There's a certain kind of venture – usually some absurd and deeply ill-advised quest – that allows Tim Moore to don his now-familiar narratorial persona and explore and explain his subject with a decent serving of undisguised contempt. You Are Awful (But I Like You), in which he embarks on a tour of Britain that takes in all the worst that the country has to offer, plays to his usual strengths.
He stops at all the places that top "The country's worst ..." surveys, and the hotels with the most unstarred online reviews, along the way listening to some real atrocities from the world of UK pop. ("Orville's Song", David Bowie's "Laughing Gnome" and Frankie Howerd's cover of "When I'm Sixty-Four" are lowlights.) All this while driving a barely functional Austin Maestro, guided by a satnav voiced by a sweary Ozzy Osbourne – Brummie accents being notoriously unloved, too. He visits Hartlepool, Middlesbrough, Hull, Doncaster and Sheffield. He eats some truly alarming food. He makes a pilgrimage to SE830220, chosen by Ordnance Survey's cartographers as the dullest grid reference in the country – though there is an electricity pylon in one corner of this map square, mitigating the otherwise unremitting emptiness.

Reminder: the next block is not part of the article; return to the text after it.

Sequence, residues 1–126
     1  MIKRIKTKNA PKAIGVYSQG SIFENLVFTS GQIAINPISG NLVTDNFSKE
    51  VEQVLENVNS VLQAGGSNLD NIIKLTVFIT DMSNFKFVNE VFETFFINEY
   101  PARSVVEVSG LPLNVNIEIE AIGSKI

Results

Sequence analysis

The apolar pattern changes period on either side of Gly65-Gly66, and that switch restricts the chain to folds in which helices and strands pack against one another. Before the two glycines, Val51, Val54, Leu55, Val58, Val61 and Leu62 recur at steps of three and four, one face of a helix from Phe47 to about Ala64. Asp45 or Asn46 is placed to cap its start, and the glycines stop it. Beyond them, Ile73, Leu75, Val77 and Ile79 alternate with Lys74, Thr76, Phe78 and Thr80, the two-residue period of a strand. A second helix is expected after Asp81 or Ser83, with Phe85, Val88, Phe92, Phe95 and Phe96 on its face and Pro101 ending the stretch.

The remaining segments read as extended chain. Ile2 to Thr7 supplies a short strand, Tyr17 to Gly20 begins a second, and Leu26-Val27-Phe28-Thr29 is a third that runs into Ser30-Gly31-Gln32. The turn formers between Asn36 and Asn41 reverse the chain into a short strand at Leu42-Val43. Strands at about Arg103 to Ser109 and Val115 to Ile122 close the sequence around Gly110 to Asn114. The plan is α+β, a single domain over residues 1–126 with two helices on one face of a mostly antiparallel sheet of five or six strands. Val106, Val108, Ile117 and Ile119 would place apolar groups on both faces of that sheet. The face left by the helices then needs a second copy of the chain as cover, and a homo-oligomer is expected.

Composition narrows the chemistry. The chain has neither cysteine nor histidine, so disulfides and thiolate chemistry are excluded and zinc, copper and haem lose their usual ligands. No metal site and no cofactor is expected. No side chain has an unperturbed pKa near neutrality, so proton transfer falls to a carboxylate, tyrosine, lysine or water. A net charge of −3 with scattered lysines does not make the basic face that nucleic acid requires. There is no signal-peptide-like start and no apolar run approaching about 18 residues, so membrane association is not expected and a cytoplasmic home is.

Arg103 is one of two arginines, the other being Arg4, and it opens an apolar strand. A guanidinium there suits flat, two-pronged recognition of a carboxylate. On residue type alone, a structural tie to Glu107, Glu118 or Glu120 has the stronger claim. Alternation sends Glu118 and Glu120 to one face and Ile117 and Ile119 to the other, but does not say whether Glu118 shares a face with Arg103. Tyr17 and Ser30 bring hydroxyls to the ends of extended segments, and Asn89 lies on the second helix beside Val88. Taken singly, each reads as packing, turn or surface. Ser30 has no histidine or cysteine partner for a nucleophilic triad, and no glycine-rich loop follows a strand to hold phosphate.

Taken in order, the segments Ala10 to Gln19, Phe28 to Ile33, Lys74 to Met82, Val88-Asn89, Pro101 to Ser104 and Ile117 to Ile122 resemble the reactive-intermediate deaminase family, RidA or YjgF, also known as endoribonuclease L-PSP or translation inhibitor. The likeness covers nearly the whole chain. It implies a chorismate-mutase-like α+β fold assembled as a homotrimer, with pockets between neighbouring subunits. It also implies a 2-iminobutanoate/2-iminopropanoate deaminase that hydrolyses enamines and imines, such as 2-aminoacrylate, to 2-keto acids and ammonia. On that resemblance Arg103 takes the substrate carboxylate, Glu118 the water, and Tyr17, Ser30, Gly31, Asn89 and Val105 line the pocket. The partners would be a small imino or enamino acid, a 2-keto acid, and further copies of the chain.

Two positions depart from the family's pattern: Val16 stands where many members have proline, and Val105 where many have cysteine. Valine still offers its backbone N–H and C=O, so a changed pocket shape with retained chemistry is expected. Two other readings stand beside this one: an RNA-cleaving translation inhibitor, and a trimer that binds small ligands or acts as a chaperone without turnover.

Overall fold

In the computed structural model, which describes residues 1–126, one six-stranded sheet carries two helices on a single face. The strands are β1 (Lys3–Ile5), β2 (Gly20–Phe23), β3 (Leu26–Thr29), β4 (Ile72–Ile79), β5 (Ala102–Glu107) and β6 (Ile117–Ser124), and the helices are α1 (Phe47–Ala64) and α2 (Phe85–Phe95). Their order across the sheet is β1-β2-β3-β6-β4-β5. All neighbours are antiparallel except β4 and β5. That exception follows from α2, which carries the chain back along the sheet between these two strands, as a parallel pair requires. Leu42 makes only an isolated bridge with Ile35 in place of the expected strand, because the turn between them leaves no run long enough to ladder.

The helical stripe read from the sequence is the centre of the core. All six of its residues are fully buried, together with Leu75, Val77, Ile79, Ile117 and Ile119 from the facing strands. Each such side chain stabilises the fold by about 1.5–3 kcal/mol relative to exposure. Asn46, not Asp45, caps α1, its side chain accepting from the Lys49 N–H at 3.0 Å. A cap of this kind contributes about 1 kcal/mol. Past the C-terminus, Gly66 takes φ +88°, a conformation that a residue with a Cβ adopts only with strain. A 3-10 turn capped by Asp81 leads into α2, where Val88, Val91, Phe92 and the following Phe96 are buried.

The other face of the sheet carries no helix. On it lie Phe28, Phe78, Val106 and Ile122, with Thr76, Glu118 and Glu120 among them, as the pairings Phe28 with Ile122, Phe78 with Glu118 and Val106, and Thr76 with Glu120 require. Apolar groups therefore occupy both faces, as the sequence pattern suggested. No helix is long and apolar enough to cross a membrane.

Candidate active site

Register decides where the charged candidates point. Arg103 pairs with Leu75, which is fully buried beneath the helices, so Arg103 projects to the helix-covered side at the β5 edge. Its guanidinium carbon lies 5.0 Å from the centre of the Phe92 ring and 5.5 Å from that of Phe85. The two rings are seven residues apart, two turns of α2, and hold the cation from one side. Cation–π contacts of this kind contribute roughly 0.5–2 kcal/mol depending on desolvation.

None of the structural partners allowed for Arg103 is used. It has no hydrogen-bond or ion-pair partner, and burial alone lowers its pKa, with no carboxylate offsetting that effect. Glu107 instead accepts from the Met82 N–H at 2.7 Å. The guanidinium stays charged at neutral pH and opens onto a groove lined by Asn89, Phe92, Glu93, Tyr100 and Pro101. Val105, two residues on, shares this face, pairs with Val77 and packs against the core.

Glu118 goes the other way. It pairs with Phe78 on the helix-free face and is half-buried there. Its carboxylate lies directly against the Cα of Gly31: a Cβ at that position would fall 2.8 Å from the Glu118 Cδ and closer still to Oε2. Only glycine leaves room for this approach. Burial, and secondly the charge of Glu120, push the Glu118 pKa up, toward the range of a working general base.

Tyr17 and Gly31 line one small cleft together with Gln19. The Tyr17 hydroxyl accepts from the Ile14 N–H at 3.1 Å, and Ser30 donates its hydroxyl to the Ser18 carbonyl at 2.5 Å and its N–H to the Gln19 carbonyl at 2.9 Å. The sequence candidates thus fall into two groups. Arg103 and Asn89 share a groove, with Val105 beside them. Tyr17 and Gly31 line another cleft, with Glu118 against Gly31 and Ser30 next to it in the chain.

But as usual, while there's ample mockery, Moore is never as cruel as he might be. (And some of his grumbling contempt is usefully directed at himself, too.) Satirising the unpopular can too easily come across as bullying: a sneering, posh London boy picks on down-at-heel seaside communities, jokes at the expense of post-Thatcher former colliery towns, shoots despondent fish in barrel, and that sort of thing. But any sense of discomfort you might feel about it – about the complicity expected of you when you laugh along at the crapness of his car, Chas and Dave's "Rabbit" on the stereo, deep-fried nightmares in a styrofoam box on his lap as he crawls nervously through another housing estate full of scary locals – is sweetened by Moore's sympathy for his subject.
Because You Are Awful is also a hymn to things lost; a nostalgic appreciation of the days before Tesco Extra and the universal flood of modern bland. And besides, laughter is terribly seductive. When he's at his best, there aren't many travel writers funnier than Tim Moore. Which means that it's hard not to relish his assaults on hopelessness and mediocrity, tatty products and grim errors of civic judgement, even if you feel occasional unease as you do.Reuse content